To misquote Oscar Wilde, to have lost one son in a military conflict must be heart-breaking, but to lose two must be agony. That is the fate that befell Brigadier-General Raymond Burlton Williams CB, whose eldest son died during the Second Boer War, unfortunately due to the accidental discharge of his own revolver, and his third son, Charles Ellicombe Williams, who was killed on the battlefields of Salonika in WW1.
There is reason to be thankful, though, as two other sons returned home safely. Charles’ older brother, Harold Radcliffe Williams, rose to the rank of major in the Gurkha Rifles serving in Burma and Mesopotamia. His young brother, Lionel Stewart Williams, who was serving with the Camel Corps at the outbreak of war, received a commission in the Flying Corps and miraculously survived a crash when his plane was brought down at 6,000 feet. One of their brothers-in-law also survived the Great War.
Charles was born on 7th October 1889 in Pennycross, Plymouth at which time his father was a captain in the Somerset Light Infantry and his mother, Ella Maud Radcliffe, was fending with four other children. Little is known about his early childhood, but in May 1905, Charles started at King’s School, Bruton in Somerset where “he soon gained a reputation for being a larger than life character; he approached everything he did with great enthusiasm, gusto and humour, and he was understandably a very popular member of the School” according to the school’s obituary for him.
Cricket was a major passion for Charles and his skill not only earned him a place in King’s Cricket XI, but also the Somerset County Juniors, his proficiency being such that he is listed in “Wisden on the Great War: The Lives of Cricket’s Fallen 1914-1918”. He enjoyed other sports too, being in both the King’s Football XI and their Hockey XI, crowning his achievements as Captain of Sports in his final year.
On leaving school in 1909, he went to Ceylon to work on a tea plantation and became an Assistant Superintendent on the Ratganga Estate. At the outbreak of war, he joined the Ceylon Planters Rifle Corps, a volunteer (reserve) regiment based in Kandy, made up of European tea and rubber planters. In October 1914, the unit sailed for Egypt and was initially deployed in defence of the Suez Canal against the Turkish threat.
The following year, Charles fleetingly joined the 9th Battalion North Staffordshire Regiment, before gaining a commission as a Lieutenant in the 7th Battalion South Wales Borderers on 23 March 1915. In June, he was appointed Adjutant and in September his unit landed at Boulogne: for a short while, they were concentrated near Flesselles in the Somme, but the following month were diverted for service in Salonika. They saw their first action in December in the Retreat from Serbia and the following year were engaged in various actions against the Bulgarian army including The Battle of Horseshoe Hill and The Battle of Machukovo.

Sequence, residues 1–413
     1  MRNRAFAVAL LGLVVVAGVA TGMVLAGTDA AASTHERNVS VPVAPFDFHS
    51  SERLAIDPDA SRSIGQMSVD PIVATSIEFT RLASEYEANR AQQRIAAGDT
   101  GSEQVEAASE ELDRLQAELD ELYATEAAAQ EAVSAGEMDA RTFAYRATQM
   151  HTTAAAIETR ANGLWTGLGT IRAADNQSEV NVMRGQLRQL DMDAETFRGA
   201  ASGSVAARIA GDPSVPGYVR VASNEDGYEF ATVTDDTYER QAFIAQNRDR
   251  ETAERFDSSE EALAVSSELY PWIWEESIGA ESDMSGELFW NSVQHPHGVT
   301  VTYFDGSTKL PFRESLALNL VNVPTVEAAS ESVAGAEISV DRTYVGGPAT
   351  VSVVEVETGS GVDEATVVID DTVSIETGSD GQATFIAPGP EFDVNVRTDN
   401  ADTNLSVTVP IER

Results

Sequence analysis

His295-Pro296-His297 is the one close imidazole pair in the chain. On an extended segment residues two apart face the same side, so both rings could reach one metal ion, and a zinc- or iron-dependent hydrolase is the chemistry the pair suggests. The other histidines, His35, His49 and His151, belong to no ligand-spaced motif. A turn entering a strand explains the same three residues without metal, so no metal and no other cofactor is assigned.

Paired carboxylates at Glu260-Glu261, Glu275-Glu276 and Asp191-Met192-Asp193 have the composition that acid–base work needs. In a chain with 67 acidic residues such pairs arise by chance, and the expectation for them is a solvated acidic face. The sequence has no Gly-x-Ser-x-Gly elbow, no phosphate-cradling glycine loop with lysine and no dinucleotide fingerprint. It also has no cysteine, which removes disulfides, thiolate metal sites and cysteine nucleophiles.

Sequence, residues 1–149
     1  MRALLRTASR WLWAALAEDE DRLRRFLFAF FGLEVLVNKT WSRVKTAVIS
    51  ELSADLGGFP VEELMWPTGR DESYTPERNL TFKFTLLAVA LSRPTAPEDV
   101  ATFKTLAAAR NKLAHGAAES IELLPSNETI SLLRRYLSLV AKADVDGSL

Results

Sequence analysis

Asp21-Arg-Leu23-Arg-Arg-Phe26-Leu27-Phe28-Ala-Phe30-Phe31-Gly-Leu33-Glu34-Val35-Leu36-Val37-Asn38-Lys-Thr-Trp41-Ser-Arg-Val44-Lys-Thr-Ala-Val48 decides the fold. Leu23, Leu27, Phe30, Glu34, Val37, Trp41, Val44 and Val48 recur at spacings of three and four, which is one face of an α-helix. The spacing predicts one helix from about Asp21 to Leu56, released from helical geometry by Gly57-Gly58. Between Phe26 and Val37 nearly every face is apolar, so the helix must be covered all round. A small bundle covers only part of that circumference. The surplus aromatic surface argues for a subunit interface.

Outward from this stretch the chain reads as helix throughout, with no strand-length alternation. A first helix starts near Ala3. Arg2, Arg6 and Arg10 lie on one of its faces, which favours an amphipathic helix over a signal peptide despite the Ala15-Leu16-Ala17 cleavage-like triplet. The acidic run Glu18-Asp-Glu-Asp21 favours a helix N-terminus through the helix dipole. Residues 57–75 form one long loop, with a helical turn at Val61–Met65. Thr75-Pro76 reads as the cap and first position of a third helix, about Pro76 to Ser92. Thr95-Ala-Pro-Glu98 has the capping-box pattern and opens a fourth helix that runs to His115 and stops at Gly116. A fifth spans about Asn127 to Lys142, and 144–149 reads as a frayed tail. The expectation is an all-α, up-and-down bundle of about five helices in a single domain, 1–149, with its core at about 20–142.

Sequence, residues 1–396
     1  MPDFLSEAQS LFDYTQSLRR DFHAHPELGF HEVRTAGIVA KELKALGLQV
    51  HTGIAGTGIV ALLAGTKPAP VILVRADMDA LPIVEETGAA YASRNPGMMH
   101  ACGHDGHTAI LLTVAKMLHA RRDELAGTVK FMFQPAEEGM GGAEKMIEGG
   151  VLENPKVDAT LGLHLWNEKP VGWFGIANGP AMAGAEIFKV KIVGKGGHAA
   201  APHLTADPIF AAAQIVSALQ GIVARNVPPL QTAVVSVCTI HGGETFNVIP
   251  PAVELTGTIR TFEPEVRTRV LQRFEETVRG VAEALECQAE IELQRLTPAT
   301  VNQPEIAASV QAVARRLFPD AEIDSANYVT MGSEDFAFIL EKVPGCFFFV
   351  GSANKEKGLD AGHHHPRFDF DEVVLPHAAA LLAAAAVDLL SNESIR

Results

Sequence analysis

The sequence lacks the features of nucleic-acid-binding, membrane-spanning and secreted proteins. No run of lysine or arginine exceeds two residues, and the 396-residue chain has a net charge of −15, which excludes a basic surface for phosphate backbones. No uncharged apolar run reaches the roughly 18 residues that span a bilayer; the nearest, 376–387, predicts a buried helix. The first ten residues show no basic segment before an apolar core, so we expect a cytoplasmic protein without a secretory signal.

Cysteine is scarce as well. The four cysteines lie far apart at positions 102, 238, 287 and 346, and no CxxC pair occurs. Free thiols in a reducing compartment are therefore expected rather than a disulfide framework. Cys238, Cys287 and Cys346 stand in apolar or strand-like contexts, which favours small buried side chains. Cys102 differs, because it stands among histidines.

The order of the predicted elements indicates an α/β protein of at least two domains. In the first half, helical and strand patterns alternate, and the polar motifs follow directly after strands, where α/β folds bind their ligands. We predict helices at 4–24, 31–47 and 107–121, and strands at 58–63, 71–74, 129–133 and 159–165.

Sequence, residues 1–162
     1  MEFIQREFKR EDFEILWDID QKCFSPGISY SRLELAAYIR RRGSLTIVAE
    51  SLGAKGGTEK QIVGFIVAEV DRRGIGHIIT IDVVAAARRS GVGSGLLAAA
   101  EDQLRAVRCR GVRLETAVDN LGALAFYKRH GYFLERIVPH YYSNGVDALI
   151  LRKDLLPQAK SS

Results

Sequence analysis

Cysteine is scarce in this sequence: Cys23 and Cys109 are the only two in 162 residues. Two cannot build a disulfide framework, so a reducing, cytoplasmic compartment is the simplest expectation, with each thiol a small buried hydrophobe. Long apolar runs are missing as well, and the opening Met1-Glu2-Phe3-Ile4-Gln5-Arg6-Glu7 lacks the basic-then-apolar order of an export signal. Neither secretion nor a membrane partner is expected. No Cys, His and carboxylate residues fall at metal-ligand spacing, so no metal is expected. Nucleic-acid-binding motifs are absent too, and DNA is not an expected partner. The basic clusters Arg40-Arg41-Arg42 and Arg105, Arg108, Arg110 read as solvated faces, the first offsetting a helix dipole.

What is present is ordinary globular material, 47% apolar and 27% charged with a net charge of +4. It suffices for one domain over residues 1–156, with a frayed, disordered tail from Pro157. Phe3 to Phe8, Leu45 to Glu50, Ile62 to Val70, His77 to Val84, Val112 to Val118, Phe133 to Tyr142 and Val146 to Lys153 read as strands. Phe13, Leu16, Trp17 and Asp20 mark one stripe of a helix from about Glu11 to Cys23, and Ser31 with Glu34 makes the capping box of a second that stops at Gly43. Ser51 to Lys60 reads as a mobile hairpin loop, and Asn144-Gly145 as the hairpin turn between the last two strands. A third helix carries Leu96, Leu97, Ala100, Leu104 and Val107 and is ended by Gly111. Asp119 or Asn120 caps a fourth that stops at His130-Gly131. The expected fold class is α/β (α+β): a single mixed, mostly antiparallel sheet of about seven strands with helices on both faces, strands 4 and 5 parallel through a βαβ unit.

Between 22 April and 8 May, 1917, the First Battle of Doiran took place, a major military offensive which began with a four-day artillery barrage in which the British fired about 100,000 shells. The action over these couple of weeks, though, was futile and the campaign had to be abandoned with the loss of 12,000 lives. After this, there was comparatively little activity on the British part of the Macedonian front except for local skirmishes.
Towards the end of May, the South Wales Borderers were in a defensive position at Whaleback Ridge, south west of Doiran; at 1600 hours, the enemy started shelling with at least one of the munitions having Williams name on it. Coincidentally, a Captain Leonard Vincent Williams was killed during the onslaught while Captain Charles Ellicombe Williams (he had relinquished his post as Adjutant and appointed Captain the previous month) was seriously wounded. Charles was transferred to a Dressing Station at Chaushitsa, the first unit of the medical services evacuation chain where injured soldiers were treated and prepared for the casualty clearing station. Sadly, Charles was so seriously injured that he died of his wounds.
Initially, Charles was buried at the newly constructed military cemetery at Chaushitsa (also known as Caussica), but the graves from here were transferred to Karasouli Military Cemetery in November 1920 where his gravestone stands today bearing the words “For God, King and Country”.
The 1917 summer edition of King’s School Bruton’s magazine, The Dolphin, reported Charles loss, stating that “Though not intellectually gifted, his intense keenness and enthusiasm soon won him a real position in the School. He was a sportsman of the best type, a prominent member of all our elevens, and probably the best remembered of them by our visitors. His cheerful aggressiveness and dauntless determination were such as leave an enduring recollection. But unhappily it is just such lives that War most surely claims among its victims. England is poorer by the loss of such a life and example.”
Charles, himself, was probably little known to Lustleigh, the connection being through his parents who moved to Pinkhurst (now Combe Hill) after his father retired from his post as Assistant Adjutant and Quartermaster-General of the Gibraltar Garrison in 1912, an appointment which capped a distinguished military career including the Zulu War, South African War and the Relief of Ladysmith. He served again in the Great War, was churchwarden in Lustleigh from 1916 to 1920, shortly after which he and his wife moved to Ashprington.
Charles Ellicombe Williams will be remembered on Saturday 27th May when the Bell Ringers will sound a half-muffled peel in his honour.
Sources used in compiling this story have included:
- King’s School, Bruton
- Alan Greveson’s World War 1 Forum
- The Regimental Museum of The Royal Welsh
- The British Newspaper Archive
- The Wartime Memories Project
- Google Books
- Commonwealth War Graves Commission
- The Long, Long Trail
- Ancestry & FindMyPast